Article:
Bruce Rave Interviews The Orwells

the orwells

I recently had a chance to hang with The Orwells after soundcheck at the Troubadour in LA, before they played live on Saturday, March 22. You can see their highly-buzzed about Letterman appearance below, and the band is blowing up at an even faster rate because of it. We discussed this, as well as some of their songs, touring with Arctic Monkeys and Fidlar, getting banned from the High Noon Saloon in Madison, and what people can expect from their “Disgraceland” album that will drop in June. Have a listen below. Also, worth noting our chat about the Lettterman gig didn’t come through real well, so I begin by summarizing what happened and what they’ve had to say about it. – By Bruce Rave

The Orwells (Facebook)

Hear Bruce’s “Go Deep With Bruce Rave” weekly new music show on Indie1031/Los Angeles and WSUM-FM/Madison. Details and archived shows can be found on his blog and be sure follow Bruce on Twitter too!

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Interview with King Avriel

king avriel

LA based indie-R&B lord on the rise King avriel recently took a break from composing awesome new jams to chat with B3SCI writer Cheryl Dunn about the origins of her sound, musical passions and a forthcoming full length project. Have a read at their chat below and take a look at her new music video for “Freedom.”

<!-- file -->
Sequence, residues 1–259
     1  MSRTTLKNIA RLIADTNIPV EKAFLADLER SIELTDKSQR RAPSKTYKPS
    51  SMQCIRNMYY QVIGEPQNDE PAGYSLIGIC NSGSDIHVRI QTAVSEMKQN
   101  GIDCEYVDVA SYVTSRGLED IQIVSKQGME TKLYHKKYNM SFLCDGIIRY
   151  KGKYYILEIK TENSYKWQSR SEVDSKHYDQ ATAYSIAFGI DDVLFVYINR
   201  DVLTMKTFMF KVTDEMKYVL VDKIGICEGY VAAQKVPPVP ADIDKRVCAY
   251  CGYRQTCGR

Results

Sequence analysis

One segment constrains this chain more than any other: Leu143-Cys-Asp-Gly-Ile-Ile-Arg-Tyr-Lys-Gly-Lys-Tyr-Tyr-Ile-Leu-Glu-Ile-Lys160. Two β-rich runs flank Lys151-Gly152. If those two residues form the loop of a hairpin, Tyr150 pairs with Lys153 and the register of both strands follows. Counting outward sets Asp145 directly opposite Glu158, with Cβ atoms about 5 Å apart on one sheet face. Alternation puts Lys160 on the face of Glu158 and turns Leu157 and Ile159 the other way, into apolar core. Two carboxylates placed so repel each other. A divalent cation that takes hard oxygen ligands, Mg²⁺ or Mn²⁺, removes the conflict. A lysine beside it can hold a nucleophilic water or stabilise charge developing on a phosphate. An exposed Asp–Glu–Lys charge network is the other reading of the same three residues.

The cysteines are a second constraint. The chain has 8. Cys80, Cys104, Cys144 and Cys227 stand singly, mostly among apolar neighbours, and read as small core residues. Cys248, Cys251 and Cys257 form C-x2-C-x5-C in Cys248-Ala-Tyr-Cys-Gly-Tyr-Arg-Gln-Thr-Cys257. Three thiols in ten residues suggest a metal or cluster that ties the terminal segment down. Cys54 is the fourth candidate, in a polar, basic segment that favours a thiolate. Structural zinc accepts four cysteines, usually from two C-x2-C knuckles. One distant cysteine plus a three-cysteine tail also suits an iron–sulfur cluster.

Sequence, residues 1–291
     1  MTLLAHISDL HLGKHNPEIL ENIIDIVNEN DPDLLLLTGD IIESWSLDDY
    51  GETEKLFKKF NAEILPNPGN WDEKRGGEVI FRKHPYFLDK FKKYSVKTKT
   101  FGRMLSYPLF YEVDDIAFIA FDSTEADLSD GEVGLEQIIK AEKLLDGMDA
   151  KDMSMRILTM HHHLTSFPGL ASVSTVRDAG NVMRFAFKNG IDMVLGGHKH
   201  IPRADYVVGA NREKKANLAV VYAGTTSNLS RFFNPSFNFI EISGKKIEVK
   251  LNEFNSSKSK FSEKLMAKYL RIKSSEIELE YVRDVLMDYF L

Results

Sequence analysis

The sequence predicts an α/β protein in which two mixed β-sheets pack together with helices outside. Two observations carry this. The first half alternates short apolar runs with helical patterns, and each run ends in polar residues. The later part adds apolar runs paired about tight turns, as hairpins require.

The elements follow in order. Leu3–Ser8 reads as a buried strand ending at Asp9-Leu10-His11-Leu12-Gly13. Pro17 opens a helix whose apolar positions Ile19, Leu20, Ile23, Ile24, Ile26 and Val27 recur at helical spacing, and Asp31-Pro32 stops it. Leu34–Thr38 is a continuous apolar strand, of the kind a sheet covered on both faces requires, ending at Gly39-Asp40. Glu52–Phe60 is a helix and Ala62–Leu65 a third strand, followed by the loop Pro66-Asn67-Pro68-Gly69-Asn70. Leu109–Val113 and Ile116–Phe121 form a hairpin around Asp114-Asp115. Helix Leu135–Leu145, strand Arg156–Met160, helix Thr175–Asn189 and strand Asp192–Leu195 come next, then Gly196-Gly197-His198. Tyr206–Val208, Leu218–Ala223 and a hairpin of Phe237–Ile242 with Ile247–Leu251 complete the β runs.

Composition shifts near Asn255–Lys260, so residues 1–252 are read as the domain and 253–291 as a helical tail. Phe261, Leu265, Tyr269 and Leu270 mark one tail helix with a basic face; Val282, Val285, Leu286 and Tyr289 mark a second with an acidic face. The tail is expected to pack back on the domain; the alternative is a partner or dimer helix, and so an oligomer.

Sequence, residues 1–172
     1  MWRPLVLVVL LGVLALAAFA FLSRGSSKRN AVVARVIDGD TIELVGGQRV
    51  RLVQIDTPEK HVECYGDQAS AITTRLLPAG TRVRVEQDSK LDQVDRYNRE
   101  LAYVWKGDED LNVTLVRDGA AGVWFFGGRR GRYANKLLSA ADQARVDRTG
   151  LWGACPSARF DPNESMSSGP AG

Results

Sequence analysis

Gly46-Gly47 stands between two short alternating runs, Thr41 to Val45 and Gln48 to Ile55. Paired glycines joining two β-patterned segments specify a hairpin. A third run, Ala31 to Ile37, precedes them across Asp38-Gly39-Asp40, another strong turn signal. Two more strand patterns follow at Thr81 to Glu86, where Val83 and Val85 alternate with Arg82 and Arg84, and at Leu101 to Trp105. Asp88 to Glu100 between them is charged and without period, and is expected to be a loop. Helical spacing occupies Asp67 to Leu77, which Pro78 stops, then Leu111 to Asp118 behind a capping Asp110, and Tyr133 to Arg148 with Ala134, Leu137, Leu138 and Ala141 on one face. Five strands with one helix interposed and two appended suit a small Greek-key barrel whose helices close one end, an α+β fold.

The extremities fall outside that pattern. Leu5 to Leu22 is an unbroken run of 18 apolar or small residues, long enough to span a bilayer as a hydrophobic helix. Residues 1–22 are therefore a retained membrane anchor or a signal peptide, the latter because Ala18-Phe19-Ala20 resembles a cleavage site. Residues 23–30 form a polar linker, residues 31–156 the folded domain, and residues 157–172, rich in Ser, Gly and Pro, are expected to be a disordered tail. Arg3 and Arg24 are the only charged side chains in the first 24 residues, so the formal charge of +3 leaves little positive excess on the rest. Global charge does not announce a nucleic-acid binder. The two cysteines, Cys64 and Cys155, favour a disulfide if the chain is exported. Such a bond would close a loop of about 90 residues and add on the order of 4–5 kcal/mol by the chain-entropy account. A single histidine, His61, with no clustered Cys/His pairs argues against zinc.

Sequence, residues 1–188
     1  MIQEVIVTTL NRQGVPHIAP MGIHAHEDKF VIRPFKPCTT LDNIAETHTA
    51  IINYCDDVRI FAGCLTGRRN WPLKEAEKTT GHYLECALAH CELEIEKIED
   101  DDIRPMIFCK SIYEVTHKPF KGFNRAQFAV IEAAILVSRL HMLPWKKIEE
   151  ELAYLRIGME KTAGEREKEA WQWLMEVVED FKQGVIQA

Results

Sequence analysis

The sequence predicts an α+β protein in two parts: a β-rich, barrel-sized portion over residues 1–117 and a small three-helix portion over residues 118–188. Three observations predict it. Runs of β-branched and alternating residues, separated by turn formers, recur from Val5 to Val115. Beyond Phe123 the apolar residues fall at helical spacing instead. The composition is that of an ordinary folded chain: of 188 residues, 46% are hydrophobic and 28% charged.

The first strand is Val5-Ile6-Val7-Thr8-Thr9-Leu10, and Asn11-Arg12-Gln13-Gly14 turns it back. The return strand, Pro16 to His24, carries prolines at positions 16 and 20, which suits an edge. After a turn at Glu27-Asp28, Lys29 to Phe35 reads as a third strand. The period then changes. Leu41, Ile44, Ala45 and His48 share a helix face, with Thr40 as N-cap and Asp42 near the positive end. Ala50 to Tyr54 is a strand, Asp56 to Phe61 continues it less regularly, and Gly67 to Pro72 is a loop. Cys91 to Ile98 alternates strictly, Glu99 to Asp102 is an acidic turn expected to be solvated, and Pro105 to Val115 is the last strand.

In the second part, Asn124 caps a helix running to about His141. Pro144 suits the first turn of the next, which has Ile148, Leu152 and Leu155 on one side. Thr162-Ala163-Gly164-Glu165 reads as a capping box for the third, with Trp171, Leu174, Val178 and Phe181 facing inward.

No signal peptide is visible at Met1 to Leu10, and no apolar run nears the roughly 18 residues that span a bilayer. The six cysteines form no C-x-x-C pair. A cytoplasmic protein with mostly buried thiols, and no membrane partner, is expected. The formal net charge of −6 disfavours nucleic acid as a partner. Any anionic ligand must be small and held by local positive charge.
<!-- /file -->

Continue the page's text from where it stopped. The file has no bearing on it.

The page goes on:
B3SCI: As what feels like a lifetime fan of Hey Arnold!, I have to say it is an honor to meet the voice of Timberly…

King Avriel: Haha the pleasure is truly all mine.

B3SCI: As someone who has been playing and making music your whole life, how do you feel now that you are finally releasing your first EP? What was the process like for you culminating to this moment? What are you most excited for?

King avriel: I’m really excited. I think this project and the songs I’ve been releasing to lead up to it are the best music I’ve ever made. I’ve never been as proud of anything I’ve done before as I am with this upcoming release. And, it’s been a long, tumultuous journey; I had to overcome some really dark valleys, but this moment feels like survival. I’m beginning to see how resilient I really am. And as a young woman, it’s exciting to start recognizing my true strength. I’m most excited to share that journey with others in the stories I tell on this project, because I have a hunch my experience was not an uncommon one.

B3SCI: When and how do you like to approach most of your song writing? Is it something you are constantly doing on the fly, or do you set time aside?

King avriel: Songs come from different places. My biggest challenge is just making sure I write down my inspiration when it hits. Sometimes I get a hook idea, or just a song concept and I have to be really diligent about writing everything down in my journal or on my phone, even if it’s just a word or two. So, in that sense I’m always writing on the fly. But, then I set time aside to come back to those ideas and flesh them out. Sometimes all the ideas I have come up with while I’m on the go are total shit, so I just have to start writing from scratch. However, I feel like I always have something that’s weighing on my mind at all times, so then it’s just a matter of confronting whatever conflict is currently affecting my experience.